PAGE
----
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Working titles for this film were Masquerade, You're All I Need and Gentlemen Never Tell. The following sentence appeared onscreen following the opening credits: "The voice of the immortal [Enrico] Caruso recorded on Victor records." According to Hollywood Reporter pre-production news items, M-G-M paid $100,000 for the American rights to the Austrian film Maskerade and originally intended to produce it as a Helen Hayes vehicle. Hayes was replaced by Myrna Loy in March 1935, but two weeks after Escapade went into production, Hollywood Reporter reported that Loy and M-G-M were arguing over her "contractual status." Loy stated that she "felt herself miscast," and after a dispute with the studio, she was released from the production at her own request. The New York Times reported that Loy felt that her role of the "sobbing and giggling girl" did not suit her, and refused to continue. Loy was immediately replaced by Austrian actress Luise Rainer, who made her Hollywood debut in the film. Hollywood Reporter pre-release news items and production charts list actors Lucile Watson, Scotty Matthews, Claudelle Kaye, Edwards Davis, Antoinette Lees and Lorraine Bridges in the cast, but their appearance in the released film has not been confirmed.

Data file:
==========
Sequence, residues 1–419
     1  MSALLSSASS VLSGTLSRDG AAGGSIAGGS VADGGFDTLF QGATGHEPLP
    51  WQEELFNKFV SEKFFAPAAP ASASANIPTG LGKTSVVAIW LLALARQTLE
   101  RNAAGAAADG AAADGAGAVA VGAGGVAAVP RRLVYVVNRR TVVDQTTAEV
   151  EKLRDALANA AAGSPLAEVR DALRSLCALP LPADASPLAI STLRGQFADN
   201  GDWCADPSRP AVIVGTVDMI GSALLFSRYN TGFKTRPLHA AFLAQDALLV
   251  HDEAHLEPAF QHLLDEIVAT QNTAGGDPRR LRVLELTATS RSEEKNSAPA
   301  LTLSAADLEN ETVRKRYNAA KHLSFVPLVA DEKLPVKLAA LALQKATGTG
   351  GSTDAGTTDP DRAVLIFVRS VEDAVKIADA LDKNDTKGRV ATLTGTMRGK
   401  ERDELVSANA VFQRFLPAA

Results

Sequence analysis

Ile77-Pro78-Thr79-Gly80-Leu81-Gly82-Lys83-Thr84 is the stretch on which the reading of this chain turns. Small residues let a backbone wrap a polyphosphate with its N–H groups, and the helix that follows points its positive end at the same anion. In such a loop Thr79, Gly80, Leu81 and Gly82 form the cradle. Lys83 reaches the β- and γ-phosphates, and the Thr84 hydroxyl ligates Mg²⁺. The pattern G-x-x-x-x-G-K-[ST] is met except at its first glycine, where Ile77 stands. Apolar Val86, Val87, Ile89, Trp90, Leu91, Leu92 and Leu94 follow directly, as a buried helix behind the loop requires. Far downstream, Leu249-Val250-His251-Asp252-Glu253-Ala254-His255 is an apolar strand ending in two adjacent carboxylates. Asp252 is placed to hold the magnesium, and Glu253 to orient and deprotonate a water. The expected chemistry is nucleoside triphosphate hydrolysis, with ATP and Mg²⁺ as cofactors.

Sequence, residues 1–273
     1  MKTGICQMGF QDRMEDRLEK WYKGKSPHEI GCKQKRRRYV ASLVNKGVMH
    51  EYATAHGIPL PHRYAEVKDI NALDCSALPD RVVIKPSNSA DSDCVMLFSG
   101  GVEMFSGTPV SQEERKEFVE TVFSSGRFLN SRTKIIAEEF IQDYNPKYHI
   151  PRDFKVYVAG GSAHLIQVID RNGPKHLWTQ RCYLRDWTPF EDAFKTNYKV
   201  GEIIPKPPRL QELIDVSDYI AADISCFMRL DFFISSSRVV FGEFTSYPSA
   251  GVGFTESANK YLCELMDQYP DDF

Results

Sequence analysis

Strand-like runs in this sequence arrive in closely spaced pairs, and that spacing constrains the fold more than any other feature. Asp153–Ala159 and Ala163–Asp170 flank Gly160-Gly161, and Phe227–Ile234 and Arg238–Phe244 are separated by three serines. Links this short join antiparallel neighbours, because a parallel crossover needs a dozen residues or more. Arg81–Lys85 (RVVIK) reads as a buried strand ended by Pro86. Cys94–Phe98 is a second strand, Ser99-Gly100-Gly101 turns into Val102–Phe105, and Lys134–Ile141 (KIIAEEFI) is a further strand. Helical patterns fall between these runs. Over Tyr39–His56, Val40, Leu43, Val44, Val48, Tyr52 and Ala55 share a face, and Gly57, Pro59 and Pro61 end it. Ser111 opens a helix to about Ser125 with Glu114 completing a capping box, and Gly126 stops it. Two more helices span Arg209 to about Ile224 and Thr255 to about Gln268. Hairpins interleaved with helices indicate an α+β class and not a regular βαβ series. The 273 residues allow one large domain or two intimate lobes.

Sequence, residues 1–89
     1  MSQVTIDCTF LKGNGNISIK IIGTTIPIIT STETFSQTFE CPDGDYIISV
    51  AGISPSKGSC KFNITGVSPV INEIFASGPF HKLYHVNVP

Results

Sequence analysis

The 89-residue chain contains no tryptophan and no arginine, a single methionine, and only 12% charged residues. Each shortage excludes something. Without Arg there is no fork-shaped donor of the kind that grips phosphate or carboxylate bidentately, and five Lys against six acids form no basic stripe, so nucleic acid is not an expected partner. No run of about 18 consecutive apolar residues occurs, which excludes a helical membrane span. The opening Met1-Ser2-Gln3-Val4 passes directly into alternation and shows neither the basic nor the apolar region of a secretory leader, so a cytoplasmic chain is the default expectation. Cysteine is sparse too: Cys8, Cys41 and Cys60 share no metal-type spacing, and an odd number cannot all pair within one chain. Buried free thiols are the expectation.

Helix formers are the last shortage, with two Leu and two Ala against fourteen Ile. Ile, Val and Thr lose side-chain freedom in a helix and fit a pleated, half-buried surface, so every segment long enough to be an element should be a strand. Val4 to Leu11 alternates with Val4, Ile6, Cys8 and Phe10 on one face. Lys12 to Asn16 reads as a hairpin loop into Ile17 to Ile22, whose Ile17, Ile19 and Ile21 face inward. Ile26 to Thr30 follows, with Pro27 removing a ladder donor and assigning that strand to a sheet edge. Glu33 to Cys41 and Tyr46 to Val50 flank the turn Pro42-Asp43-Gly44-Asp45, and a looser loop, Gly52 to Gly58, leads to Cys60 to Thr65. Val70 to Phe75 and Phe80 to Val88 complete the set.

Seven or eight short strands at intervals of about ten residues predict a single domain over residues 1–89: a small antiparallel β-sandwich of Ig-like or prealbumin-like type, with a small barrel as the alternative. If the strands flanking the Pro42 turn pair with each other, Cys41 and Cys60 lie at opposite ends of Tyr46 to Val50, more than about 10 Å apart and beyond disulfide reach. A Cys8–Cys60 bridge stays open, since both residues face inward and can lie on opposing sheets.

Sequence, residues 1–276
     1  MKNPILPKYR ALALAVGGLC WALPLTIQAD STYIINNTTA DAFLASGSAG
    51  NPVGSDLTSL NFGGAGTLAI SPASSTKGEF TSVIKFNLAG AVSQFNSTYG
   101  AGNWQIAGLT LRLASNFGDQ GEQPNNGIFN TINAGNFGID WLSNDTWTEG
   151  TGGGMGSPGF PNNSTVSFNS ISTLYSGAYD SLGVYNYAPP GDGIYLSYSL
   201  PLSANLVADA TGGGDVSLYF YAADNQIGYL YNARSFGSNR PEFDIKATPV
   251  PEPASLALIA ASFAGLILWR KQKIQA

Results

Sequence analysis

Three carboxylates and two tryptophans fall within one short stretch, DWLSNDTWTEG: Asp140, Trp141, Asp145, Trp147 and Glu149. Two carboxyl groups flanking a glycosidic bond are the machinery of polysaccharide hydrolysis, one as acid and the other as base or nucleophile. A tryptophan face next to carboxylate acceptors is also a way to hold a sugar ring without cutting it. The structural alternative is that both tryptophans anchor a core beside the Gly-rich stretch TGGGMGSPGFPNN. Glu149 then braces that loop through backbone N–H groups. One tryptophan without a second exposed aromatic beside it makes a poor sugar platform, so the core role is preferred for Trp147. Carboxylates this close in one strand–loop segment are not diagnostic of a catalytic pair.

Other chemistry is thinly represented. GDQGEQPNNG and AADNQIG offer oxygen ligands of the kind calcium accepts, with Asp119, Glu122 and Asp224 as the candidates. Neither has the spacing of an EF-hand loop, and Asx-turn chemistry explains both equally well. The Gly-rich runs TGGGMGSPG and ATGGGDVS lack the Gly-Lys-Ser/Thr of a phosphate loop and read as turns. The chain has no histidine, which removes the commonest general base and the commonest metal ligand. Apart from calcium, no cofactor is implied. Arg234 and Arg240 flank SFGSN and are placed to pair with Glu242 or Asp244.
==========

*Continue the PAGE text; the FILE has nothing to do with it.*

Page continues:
According to information contained in the file for the film in the MPAA/PCA Collection at the AMPAS Library, the PCA urged that care be taken in dealing with "the situation of a wife who poses in a somewhat scanty costume, without her husband's knowledge." The PCA file also indicates that the Belgian censors approved the film only for adult audiences, and stated that "the conjugal and extra-conjugal relations are not suitable for children." In addition, censors in Australia, Vienna, Quebec, Pennsylvania, Ohio, Massachusetts, Ontario and Japan eliminated a shot of a corset and other women's clothes strewn about a room. Japan also deleted a shot of doors featuring a decoration resembling the Japanese Imperial Chrysanthemum. Many censors also eliminated the line of dialogue: "A woman in that condition should be seen by two men only; her husband and her doctor, and I am both."
A December 1935 Hollywood Reporter news item notes that M-G-M purchased the rights to the Austrian film Episode, the sequel to Maskerade, and planned to remake it either in Hollywood or in London under Ben Goetz's supervision. M-G-M never produced Episode, but Warner Bros. made it in 1940 under the title My Love Came Back (see below).